An analysis from the PLCO trial found that African American men were significantly more likely to have major infections after prostate biopsy than white men odds ratio [OR], 7. Although it is possible that screening may offer greater benefits for African American men compared with the general population, currently no direct evidence demonstrates whether this is true.
Screening, and subsequent diagnosis and treatment, has the potential to increase exposure to potential harms. Decision analysis models suggest that given the higher rates of aggressive prostate cancer in African American men, PSA-based screening may provide greater benefit to African American men than the general population. These models also suggest a potential mortality benefit for African American men when beginning screening before age 55 years. The USPSTF believes that a reasonable approach for clinicians is to inform African American men about their increased risk of developing and dying of prostate cancer as well as the potential benefits and harms of screening so they can make an informed, personal decision about whether to be screened.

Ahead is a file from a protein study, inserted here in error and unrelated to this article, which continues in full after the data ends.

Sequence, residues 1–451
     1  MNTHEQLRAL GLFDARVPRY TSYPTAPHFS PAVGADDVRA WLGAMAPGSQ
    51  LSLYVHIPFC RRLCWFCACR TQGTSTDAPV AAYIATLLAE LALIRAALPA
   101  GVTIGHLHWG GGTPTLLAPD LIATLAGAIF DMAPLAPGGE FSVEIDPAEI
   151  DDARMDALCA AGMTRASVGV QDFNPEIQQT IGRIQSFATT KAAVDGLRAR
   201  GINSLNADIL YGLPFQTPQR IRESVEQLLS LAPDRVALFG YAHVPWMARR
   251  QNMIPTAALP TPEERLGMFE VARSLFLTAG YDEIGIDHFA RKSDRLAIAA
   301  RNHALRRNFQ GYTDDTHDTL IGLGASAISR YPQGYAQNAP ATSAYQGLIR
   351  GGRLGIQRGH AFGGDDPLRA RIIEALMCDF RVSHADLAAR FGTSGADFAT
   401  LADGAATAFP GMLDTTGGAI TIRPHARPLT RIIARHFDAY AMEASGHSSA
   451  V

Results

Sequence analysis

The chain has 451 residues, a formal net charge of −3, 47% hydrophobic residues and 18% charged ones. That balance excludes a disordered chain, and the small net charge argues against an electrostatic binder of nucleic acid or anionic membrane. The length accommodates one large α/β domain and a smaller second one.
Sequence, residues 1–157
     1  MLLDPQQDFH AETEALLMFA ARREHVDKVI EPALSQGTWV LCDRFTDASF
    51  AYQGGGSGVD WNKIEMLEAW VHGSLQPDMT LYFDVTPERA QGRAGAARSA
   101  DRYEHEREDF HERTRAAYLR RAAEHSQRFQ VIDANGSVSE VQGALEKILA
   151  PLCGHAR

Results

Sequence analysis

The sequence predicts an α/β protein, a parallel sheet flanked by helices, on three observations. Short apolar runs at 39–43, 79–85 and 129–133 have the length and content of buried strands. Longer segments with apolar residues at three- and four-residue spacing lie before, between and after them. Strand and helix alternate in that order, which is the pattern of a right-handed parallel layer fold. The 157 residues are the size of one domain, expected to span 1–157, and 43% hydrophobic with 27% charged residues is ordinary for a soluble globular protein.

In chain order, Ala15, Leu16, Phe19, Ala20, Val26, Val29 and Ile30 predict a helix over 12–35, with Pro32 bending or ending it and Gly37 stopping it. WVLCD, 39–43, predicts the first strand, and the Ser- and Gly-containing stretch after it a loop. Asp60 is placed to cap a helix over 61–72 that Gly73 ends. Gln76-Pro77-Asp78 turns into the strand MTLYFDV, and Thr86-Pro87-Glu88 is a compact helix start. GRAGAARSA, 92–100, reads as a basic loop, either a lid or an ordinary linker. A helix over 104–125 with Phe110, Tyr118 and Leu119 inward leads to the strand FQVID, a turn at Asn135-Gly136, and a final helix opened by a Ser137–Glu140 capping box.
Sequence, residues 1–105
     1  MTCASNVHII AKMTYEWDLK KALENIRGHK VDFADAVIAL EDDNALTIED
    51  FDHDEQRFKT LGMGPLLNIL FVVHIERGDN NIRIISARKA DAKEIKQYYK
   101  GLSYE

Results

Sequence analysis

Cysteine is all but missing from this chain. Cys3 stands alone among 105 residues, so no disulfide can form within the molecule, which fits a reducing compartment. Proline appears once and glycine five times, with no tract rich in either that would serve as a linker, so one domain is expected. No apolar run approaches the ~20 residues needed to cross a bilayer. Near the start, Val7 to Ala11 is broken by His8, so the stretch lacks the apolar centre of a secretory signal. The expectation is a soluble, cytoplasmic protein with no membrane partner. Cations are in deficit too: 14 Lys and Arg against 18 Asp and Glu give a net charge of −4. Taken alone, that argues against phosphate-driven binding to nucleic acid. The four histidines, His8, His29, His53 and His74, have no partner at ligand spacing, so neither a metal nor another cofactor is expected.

Although the USPSTF found inadequate evidence about how benefits may differ for African American men, it recognizes the epidemiologic data showing that African American men may develop prostate cancer at younger ages than average-risk men and understands that some African American men and their clinicians will continue to screen at younger ages. It is important to consider both the potential additional benefits and harms to fully understand the value of screening. Studies are needed to confirm that African American men who undergo screening receive similar or greater reductions in prostate cancer mortality compared with men in the general population, as well as to explore the optimal screening frequency and whether beginning screening before age 55 years provides additional benefits in African American men.
Studies are also needed to better understand strategies to mitigate harms and maximize benefits of screening, diagnostic follow-up, and treatment including active surveillance in African American men. It is also important that research and quality improvement activities continue to work to eliminate disparities in access to high-quality care for men with prostate cancer. The introduction of PSA-based screening for prostate cancer has substantially altered the epidemiologic data for prostate cancer, greatly increasing the number of men with a diagnosis of prostate cancer and thus also the number of men with a father, brother, or son with a history of prostate cancer.